SANTA CLARA, Sept. 27. AMERICAN coaches are beginning to believe what was unthinkable even one month ago – that Australia's champion Ian Thorpe may be vulnerable in the future.
So says Dr. Dick Jochums, head coach of the famed Santa Clara Swim Club and head coach of the triumphant US men's team at the 2002 Pan Pacific Games in Yokohama. Other American coaches agree.
Thorpe's decision to leave his longtime coach Doug Frost has prompted international speculation about the effect the move will have on the world's premier swimmer. This speculations has been further fuelled by Thorpe's decision to go with a virtually untested and unknown coach, Frost's former assistant Tracey Menzies.
"It could backfire on him," said Jochums. "And it could really backfire on the young lady that's taken him over. If he keeps on breaking world records, well, fine, but if he stops breaking them, then she gets blamed."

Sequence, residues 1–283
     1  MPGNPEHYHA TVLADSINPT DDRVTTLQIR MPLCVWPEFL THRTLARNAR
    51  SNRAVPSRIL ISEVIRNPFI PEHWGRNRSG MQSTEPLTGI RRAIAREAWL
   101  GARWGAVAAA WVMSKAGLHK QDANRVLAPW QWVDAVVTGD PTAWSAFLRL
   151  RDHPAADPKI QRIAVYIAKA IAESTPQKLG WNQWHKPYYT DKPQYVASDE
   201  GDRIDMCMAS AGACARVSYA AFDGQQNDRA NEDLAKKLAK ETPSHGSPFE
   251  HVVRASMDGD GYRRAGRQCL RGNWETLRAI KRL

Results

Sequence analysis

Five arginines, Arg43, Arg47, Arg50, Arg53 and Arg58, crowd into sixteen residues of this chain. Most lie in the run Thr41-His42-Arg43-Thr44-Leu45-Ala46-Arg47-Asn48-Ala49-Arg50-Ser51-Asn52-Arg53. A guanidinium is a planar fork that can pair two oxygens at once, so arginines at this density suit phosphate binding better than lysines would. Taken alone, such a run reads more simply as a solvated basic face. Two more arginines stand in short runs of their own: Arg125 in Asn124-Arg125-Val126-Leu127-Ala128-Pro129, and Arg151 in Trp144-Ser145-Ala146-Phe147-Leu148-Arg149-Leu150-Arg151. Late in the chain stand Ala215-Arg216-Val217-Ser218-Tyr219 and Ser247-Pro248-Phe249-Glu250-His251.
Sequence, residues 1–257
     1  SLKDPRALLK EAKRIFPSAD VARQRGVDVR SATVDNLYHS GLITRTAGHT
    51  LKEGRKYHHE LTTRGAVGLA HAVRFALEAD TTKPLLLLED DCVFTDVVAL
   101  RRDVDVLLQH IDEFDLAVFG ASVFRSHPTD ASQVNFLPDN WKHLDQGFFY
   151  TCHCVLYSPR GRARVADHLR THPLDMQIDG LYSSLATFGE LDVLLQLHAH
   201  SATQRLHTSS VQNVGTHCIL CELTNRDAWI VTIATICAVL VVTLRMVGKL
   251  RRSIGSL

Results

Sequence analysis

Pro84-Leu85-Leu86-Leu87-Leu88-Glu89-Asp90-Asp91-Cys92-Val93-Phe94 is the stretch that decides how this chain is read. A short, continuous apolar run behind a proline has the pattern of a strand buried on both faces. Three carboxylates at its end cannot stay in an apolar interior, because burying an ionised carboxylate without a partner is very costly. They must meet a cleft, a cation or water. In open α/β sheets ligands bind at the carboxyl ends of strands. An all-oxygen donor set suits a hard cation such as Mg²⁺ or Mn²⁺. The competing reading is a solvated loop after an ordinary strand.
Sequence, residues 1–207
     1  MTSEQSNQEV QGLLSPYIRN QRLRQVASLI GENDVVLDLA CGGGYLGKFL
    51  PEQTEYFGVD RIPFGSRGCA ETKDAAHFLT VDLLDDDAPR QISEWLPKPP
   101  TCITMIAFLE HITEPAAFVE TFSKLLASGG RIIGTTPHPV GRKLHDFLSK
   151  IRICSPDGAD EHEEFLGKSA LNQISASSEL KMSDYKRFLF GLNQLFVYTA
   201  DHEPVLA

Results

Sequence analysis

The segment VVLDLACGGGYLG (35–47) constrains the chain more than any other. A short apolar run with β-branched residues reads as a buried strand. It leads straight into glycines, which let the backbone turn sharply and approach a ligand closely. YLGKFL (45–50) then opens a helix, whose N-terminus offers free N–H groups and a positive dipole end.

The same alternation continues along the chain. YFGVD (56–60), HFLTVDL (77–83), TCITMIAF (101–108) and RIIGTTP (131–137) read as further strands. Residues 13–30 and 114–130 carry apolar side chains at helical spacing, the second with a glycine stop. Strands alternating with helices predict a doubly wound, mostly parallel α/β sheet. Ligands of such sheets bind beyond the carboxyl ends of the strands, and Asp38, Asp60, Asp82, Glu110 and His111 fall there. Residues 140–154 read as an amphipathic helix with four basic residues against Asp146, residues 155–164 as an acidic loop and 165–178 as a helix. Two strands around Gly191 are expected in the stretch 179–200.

Jochums said Thorpe was already on a par with US icon Mark Spitz, who won an unequalled seven gold medals at the 1972 Munich Olympics.
"I think Thorpe is the greatest I've ever seen," he said. "He's in a class, maybe, of best in the century. He's certainly every bit as good as Spitz was and that's the guy I thought was the best."
Jochums is hoping there is a young, hungry American swimmer who will emerge to challenge Thorpe by the Athens Olympics in 2004.
"Thorpe came out of nowhere," Jochums said. "I'm sure we've got someone out there that's going to chase him. Someone who isn't going to worship him."
The US swim team is still celebrating its demolition of Australia at the recent Pan Pacific championships, winning 21 golds to Australia's 11. "We kicked Australia's butt and I'm real pleased," Jochums said.